Do you have any resources to support a discussion on the tools and language of filmmaking?
Many of our lesson plans across guides feature a glossary of terms and handouts relevant for specific assignments. Broadening your classroom discussions? Download the full Journeys in Film glossary for your classroom.
Can I legally screen complete feature films in my classroom?
Yes! The American Library Association has completed extensive research on media permissions for educators and provides an excellent summary of your rights.
“For once, the Copyright Act actually provides a straightforward answer: the Act contains a specific exception for the performance of works such as films in the classroom. If librarians and instructors take advantage of existing law, they can engage in a range of classroom-based video and film performance activities (e.g,. the showing of a film) without having to secure any additional license or permissions. 17 U.S.C. § 110(1) permits “the performance or display of a work by instructors or pupils in the course of face-to-face teaching activities of a nonprofit educational institution, in a classroom or similar place devoted to instruction….” It applies to showing of entire films, and also to those that involve less extensive clips from one or several sources.”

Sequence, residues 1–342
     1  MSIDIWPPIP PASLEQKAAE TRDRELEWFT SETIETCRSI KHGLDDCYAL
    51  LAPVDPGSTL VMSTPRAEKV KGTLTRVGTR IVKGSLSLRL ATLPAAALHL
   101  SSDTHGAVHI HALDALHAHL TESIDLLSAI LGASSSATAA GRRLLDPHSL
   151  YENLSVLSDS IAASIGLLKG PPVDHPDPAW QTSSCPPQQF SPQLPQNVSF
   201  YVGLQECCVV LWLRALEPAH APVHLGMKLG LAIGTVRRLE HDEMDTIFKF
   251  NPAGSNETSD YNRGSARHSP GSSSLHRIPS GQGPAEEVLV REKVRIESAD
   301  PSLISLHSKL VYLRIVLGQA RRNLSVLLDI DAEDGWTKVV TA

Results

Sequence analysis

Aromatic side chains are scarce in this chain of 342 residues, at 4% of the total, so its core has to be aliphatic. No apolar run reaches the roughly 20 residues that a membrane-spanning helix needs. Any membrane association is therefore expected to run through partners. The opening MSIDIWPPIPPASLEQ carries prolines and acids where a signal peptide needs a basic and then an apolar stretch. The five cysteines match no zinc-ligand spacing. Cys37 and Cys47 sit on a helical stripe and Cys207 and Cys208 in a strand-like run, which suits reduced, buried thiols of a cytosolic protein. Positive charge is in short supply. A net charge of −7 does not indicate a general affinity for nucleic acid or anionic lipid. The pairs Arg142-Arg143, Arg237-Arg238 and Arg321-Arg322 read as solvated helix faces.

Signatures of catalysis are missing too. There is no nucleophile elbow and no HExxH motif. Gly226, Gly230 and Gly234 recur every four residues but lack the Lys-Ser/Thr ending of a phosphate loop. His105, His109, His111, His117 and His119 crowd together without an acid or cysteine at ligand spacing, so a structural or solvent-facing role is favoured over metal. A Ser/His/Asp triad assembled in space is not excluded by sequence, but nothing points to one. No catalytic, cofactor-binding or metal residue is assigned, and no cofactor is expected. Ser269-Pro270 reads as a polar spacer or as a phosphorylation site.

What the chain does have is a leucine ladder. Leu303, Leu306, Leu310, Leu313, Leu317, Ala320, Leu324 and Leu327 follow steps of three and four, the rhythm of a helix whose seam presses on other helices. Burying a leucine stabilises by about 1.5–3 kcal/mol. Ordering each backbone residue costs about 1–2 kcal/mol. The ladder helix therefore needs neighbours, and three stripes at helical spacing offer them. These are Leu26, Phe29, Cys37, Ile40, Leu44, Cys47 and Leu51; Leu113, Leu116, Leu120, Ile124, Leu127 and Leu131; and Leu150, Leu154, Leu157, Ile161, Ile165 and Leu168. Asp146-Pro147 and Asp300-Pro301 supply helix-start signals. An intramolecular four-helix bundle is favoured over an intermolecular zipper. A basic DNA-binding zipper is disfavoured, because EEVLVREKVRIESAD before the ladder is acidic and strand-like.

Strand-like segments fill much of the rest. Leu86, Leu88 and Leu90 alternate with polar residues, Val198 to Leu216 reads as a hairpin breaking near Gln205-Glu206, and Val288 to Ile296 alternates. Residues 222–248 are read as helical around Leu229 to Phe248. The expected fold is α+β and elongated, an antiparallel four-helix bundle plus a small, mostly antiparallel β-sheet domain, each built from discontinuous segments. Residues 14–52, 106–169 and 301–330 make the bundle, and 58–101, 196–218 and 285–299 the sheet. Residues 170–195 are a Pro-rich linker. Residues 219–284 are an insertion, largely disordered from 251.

We consider school librarians, community media scholars and archivist professionals to be essential team members in integrating media into the classroom. Educators across subjects can consider collaborating with their school media professionals to prepare their classroom for film engagement.
My school administrators don’t yet understand the benefits of using film in the classroom to teach core subjects. What should I say?
Our recent feature in Teaching Tolerance might be a great resource to begin the dialogue. Film opens the door to innovation by allowing educators to address core standards across academic subjects while engaging vital conversations on inclusion across cultures. Your school climate may also benefit from additional training to see media and storytelling as a tool to educate the most visually literate generation in history.
We’re here for professional development, too.